Physical health - legislation

Law and standards

The Law and Standards sections apply to England only.

A brief indication of how the law changed upon full implementation (September 2004 and September 2005) of the Adoption and Children Act 2002 is inserted in italics.

Compliance with statute and regulations is mandatory; compliance with standards is taken into account by the CSCI when registering and inspecting fostering service providers.

FSR 2002 Regulation 15 [1] and [2] and [16], and Arrangements for Placement of Children [General] Regulations1991 as amended, and Children Act [Miscellaneous Amendments] [England] Regulations 2002

National Minimum Fostering Standard 6

The fostering service provider must ensure that it provides foster care services which help each child or young person in foster care to receive health care which meets his/her needs for physical, emotional and social development, together with information and training appropriate to her/his age and understanding, to enable informed participation in decisions about her/his health needs.

Health assessments before placement in foster care

A responsible authority shall, before making a placement, or if that is not reasonably practical as soon as is reasonably practical after a placement has been made, make arrangements for a registered medical practitioner to conduct an assessment, which may include a physical examination, of the child’s state of health. [This does not apply if the child, being of sufficient understanding to do so, refuses to consent to the examination.]

Regular health reviews

FSR 2002 Regulation 6 and Review of Children’s Cases Regulations 1991 as amended

The responsible authority must make arrangements for a child who continues to be looked after by them to receive a health assessment, which may include a physical examination, and for a written report on the state of health of the child and his need for health care to be made by a registered medical practitioner or registered nurse under the supervision of a registered medical practitioner -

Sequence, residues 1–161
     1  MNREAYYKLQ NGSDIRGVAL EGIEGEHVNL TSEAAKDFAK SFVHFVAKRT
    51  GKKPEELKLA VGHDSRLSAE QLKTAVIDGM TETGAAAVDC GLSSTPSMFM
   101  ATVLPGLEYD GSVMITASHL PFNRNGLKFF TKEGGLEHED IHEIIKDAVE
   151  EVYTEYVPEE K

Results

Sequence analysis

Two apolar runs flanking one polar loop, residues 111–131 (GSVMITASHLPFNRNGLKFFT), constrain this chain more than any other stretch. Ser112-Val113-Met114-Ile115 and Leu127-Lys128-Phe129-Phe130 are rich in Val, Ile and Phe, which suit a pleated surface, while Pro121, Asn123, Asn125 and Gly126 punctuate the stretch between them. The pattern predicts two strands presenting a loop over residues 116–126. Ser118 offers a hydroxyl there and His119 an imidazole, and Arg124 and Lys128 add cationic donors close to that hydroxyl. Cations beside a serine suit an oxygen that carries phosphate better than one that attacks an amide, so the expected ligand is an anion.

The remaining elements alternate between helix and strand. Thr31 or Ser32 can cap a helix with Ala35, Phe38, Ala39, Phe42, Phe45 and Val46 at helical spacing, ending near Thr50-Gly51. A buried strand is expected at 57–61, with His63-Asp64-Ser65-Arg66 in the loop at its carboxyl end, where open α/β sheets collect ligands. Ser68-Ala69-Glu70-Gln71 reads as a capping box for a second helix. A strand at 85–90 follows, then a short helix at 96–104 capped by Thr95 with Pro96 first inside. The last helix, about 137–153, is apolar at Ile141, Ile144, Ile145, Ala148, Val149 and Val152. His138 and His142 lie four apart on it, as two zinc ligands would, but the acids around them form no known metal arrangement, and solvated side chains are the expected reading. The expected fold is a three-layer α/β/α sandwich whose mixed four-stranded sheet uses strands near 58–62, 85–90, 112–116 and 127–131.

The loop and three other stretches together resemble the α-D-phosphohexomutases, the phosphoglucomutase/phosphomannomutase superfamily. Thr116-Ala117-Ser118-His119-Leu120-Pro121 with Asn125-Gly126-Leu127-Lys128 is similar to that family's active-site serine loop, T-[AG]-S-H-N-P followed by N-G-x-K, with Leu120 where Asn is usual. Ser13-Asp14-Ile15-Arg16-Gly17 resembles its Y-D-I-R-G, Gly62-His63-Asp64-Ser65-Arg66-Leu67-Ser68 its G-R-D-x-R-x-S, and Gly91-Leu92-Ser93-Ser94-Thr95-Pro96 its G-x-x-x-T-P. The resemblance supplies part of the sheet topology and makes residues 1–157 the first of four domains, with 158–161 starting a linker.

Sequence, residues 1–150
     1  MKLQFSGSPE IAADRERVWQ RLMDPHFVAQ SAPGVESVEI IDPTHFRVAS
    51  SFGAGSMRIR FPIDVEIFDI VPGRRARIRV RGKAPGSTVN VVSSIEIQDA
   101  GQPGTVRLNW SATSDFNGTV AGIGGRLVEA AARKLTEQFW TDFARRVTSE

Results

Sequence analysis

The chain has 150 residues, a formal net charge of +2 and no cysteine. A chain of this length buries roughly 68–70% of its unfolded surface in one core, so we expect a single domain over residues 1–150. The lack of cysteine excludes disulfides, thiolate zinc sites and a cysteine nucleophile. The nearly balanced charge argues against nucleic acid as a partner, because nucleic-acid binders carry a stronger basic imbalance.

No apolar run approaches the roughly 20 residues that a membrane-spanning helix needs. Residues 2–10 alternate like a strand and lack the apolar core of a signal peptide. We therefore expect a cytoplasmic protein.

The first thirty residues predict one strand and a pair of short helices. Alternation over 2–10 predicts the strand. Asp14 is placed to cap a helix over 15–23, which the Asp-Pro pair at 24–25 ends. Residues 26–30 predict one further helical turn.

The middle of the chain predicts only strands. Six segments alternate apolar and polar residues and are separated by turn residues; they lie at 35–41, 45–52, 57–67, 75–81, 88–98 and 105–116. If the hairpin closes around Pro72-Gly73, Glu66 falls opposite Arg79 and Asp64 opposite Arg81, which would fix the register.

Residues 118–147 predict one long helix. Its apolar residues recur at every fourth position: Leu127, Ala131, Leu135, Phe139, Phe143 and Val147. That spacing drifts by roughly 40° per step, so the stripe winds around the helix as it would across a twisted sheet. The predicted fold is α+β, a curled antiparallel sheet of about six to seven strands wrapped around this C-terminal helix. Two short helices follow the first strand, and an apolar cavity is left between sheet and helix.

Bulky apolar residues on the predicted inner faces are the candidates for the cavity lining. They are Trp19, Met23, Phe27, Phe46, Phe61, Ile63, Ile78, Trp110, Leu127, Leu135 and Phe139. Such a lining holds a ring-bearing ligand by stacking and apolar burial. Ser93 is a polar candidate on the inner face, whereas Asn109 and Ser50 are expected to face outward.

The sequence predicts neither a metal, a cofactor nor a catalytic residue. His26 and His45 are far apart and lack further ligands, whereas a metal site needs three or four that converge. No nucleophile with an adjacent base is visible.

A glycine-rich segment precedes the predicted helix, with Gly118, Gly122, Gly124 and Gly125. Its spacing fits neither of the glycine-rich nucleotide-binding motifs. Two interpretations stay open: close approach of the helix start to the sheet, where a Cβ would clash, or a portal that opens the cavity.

unless the child is of sufficient understanding and refuses the assessment.

Prohibition on corporal punishment by foster parents, and behaviour management Fostering Services Regulations 2002 Regulation 13 [1] and [2]

The fostering service provider shall prepare and implement a written policy on acceptable measures of control, restraint and discipline of children placed with foster parents.

Foster parents are required to agree in writing that:

Looked-after children should be granted the same permissions to take part in acceptable age-appropriate peer activities as would reasonably be granted by the parents of their peers. However, where exceptional circumstances mean that this is not possible, the decision should be based on clear reasons and stated in the child's care plan, and where practical the child's views and feelings should be taken into account.

Local authorities are now expected to review their policies and practices in accordance with this new guidance, and to ensure that carers, staff, children and young people are aware of the situation.